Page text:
public space and therefore risk their identity as ‘a normal woman’ by transgressing
the borderline of expected behaviour and social norms by presenting herself in
spaces where she is ‘out of place'(Radley et al,2006). Radley (2006) continues
to explain how homeless men also contradict known stereotypes surrounding
identity, as ”to be a man without property is to lack the prime means whereby
men signify as successful people.” The idea that that the male identity
should be strong, powerful and in control is therefore antithetical to the
identity of a homeless man. The homeless person therefore presents a spectacle
of disarray and decay in relation to common social norms and ideologies
(Will,1987).

 

For homeless individuals they do not have any socially legitimated space
and therefore have no where to call ‘their own’ or gain access to personal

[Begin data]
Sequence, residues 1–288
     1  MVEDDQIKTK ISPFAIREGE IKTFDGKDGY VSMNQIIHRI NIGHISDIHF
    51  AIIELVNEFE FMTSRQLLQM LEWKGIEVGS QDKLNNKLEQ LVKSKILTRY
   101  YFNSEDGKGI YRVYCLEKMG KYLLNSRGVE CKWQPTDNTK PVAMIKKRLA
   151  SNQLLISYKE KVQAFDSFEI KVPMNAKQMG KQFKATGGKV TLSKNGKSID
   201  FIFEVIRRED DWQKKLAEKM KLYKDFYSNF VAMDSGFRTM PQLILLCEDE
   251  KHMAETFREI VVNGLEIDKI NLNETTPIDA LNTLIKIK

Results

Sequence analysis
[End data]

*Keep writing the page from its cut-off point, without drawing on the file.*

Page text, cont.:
space and privacy. Therefore, for an individual who is always in the public,
private activities such as sleeping, defecating and urinating must necessarily
be carried out publically. Staeheli (1996) states that the public therefore
begins to take on aspects of the home and that certain behaviours that are
socially legitimate in the home are illegitimate when carried out in public.
The homeless community therefore challenge a variety of popular discourses
through the development of their self identity and may be seen as frightening
by other civilians because by being ‘out of place’ the homeless person
threatens the proper meaning of place (Creswell,1996). How the image of homelessness
is portrayed in society is very important because the constructed image will
have different implications for who is classified as homeless and how that
individual is treated by the public. Young (2012) argues that the way that
society defines homelessness is a  fundamental step towards the process of ending